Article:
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A wound care patient

Editor’s note: This is an excerpt from the book Nursing Is Caring, by Beverly Wheeler, MSN, RN, ACNS-BC, clinical assistant professor in the school of nursing at the University of Texas Health Science Center in San Antonio. The book contains stories from nursing students; 100% of royalties go to the University of Texas Health Science Center at San Antonio, School of Nursing Scholarship Fund. http://www.nursingiscaring.com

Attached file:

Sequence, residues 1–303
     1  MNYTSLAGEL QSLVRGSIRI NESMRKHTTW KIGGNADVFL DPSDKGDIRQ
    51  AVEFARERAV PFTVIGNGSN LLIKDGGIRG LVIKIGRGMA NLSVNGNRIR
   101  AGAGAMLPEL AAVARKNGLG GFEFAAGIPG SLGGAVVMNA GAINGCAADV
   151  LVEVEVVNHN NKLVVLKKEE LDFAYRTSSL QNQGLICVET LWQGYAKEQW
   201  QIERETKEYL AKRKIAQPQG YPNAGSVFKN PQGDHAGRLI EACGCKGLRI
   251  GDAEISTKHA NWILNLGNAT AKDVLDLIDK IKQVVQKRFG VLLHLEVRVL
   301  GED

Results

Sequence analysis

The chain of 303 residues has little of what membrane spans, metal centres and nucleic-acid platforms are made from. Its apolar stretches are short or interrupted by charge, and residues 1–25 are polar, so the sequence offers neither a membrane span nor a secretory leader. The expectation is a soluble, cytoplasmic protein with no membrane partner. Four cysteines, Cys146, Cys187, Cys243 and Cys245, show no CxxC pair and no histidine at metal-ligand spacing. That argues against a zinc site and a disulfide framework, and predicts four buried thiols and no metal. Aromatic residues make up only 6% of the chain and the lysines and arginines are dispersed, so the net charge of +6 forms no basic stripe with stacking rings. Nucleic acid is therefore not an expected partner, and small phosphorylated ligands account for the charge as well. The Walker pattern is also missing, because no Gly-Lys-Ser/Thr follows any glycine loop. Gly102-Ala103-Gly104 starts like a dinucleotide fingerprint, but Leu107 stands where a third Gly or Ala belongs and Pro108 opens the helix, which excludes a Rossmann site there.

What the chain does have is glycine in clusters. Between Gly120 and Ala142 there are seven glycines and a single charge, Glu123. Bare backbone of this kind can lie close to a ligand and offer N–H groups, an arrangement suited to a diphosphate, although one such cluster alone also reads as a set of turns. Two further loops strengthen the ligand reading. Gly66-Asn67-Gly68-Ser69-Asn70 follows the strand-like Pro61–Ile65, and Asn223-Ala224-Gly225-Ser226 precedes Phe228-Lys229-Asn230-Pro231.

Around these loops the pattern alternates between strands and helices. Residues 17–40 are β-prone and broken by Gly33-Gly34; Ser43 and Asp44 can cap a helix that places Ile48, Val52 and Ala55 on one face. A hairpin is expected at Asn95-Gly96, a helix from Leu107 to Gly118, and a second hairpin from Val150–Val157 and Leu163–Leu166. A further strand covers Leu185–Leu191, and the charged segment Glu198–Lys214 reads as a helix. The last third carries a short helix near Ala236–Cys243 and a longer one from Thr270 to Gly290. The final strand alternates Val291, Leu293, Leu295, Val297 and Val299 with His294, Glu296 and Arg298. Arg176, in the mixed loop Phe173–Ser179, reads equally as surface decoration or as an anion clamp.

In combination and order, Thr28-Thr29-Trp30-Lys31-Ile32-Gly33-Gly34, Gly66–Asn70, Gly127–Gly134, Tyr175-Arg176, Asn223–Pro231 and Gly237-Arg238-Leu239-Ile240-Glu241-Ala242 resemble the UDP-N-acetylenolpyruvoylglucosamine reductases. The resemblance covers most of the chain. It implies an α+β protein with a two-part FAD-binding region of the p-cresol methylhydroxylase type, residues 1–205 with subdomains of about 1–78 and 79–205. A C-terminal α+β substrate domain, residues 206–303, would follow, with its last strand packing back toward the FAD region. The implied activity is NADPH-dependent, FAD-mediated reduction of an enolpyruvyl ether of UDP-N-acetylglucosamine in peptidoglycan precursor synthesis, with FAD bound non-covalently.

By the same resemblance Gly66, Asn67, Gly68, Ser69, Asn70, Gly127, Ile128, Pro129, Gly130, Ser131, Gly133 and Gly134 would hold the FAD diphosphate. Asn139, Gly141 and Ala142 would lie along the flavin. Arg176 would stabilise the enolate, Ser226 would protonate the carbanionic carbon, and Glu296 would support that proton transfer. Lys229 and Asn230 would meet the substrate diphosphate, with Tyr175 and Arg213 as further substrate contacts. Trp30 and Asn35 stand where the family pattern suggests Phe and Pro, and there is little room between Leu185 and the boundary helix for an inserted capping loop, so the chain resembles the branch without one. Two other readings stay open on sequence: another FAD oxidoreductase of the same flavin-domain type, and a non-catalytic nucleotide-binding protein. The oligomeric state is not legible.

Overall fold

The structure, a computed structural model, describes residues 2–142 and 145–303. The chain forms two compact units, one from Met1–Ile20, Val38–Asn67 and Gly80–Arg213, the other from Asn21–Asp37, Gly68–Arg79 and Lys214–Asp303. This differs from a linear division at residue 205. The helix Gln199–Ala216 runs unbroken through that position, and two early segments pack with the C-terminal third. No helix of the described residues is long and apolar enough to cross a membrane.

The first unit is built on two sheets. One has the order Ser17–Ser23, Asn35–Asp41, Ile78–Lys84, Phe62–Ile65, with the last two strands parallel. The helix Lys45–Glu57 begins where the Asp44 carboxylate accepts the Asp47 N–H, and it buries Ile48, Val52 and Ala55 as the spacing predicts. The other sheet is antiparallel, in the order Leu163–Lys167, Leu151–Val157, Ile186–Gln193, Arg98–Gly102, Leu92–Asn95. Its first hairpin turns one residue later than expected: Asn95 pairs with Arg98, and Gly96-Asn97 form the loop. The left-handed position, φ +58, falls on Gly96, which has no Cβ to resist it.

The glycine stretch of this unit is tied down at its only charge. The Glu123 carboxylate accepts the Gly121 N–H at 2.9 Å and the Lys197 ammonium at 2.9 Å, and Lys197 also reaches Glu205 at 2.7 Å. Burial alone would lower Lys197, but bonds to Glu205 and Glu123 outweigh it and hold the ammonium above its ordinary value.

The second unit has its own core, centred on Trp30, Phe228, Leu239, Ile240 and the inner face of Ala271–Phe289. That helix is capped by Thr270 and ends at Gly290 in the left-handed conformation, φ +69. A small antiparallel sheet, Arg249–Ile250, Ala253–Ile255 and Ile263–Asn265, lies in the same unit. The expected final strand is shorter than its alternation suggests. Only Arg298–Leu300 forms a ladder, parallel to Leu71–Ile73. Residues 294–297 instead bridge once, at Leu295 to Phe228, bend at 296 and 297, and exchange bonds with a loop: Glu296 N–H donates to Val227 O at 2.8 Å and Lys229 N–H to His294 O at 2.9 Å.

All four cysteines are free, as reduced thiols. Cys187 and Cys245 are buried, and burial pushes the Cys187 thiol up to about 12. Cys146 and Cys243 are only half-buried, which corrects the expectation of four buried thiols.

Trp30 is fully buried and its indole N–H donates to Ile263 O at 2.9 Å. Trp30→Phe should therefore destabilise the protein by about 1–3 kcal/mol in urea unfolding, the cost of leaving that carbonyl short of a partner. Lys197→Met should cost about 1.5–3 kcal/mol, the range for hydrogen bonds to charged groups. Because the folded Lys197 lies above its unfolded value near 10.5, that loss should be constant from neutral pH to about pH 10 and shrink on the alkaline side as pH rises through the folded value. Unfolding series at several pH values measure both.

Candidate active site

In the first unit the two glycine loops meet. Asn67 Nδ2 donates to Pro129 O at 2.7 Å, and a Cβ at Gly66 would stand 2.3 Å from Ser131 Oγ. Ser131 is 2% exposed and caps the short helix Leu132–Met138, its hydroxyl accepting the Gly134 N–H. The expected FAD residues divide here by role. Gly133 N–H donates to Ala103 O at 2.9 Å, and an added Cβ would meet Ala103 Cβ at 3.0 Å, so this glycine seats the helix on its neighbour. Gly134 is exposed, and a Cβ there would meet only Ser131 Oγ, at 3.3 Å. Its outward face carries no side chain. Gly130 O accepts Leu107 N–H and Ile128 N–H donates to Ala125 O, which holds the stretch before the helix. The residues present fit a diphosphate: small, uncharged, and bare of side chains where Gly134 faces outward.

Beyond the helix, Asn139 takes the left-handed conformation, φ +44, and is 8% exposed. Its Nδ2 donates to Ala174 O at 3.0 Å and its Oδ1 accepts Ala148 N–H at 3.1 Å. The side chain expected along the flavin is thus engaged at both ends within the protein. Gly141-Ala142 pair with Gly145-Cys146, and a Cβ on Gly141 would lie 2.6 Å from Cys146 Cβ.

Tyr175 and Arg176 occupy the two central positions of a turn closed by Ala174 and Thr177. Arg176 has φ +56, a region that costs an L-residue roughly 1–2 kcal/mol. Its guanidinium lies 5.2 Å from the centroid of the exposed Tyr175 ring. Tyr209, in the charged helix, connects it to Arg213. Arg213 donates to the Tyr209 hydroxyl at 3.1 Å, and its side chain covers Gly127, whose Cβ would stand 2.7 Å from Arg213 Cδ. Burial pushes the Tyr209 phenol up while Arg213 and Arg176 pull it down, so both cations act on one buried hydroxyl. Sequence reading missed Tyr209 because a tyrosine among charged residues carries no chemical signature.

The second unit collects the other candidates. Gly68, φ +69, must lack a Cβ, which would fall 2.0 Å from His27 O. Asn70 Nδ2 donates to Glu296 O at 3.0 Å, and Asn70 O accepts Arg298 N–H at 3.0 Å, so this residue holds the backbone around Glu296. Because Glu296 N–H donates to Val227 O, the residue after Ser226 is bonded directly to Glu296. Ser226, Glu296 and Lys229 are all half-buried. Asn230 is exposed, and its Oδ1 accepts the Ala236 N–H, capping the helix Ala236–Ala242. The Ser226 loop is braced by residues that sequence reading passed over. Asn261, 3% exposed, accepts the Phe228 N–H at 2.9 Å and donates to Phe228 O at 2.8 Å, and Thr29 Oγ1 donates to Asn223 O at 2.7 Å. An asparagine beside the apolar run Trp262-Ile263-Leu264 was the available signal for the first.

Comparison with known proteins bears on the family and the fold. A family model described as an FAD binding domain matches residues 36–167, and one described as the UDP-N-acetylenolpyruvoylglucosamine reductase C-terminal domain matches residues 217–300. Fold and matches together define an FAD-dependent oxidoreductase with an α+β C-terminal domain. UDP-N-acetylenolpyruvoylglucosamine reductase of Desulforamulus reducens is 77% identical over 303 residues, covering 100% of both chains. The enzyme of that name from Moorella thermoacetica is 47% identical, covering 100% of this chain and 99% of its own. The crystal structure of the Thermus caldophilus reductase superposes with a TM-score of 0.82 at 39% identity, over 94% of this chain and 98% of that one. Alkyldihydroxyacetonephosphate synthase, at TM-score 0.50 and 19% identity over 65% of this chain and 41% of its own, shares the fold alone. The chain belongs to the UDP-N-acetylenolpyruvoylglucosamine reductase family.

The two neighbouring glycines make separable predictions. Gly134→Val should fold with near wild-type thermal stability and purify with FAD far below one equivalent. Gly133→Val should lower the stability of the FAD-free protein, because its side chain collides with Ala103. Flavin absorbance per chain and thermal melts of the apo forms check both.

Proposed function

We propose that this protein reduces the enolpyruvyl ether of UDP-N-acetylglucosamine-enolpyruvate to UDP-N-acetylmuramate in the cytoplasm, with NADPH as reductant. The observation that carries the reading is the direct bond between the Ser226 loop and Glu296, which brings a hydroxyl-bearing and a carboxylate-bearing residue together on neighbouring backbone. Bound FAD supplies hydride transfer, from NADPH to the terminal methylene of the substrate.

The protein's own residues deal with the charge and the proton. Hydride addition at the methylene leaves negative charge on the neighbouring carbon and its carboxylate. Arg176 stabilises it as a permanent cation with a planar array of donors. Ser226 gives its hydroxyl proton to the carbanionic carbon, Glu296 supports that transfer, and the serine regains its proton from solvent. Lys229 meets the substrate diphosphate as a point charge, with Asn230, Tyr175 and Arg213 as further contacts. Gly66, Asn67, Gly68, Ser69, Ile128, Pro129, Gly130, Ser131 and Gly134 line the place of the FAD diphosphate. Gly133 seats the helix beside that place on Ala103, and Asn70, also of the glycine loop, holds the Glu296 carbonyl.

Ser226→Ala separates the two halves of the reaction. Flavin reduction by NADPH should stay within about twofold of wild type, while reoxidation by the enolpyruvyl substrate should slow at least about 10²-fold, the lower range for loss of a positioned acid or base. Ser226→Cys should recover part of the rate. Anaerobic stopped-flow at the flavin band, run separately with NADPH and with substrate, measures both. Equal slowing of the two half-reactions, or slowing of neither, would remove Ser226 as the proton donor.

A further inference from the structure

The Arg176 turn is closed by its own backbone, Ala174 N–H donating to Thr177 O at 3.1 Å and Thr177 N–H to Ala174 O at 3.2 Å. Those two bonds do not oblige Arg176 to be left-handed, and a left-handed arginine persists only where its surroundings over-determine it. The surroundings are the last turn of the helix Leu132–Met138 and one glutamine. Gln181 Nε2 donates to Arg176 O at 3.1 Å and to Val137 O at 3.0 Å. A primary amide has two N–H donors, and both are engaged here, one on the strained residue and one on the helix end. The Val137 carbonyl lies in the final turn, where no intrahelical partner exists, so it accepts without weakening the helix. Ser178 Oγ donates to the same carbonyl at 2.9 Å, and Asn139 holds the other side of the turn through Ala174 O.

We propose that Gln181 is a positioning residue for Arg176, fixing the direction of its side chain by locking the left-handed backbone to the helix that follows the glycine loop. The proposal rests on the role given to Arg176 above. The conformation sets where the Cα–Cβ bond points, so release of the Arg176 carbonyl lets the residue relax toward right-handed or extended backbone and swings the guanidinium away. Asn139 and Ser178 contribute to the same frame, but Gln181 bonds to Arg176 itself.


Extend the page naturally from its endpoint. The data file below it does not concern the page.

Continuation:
I have had many experiences that have solidified for me why I chose nursing, and confirmed for me that I indeed made the right decision. One particular patient stands out in my mind as I reflect. Early in my nursing school career I had a patient who was suffering from a chronic wound that was infected and required packing. She was very nervous about how she was going to take care of her wound at home. She had no way to pay for her hospital stay, and she was being discharged before she really felt ready. I have to admit I was concerned for her to go home as well because her wound was on her coccyx and there was truly no way she could pack it and change the dressing on her own. She could not afford home care for someone to come and take care of her wound, and her daughter was overwhelmed by the task. I knew that if a solution was not found she would end up with a larger wound and back in the hospital. I worked to find resources for my patient to help her once she went home. I remember sharing with my instructor my concern and she too helped me to connect with social work and find a way to get the patient some form of home care. This situation and others much like it make me realize that I have been blessed with knowledge that the general population may not have, and it is my job to advocate for my patients and find solutions to problems that seem too complex for them to solve on their own. I was there for my patient that day. I listened compassionately to her concerns and did what I could to find her help.

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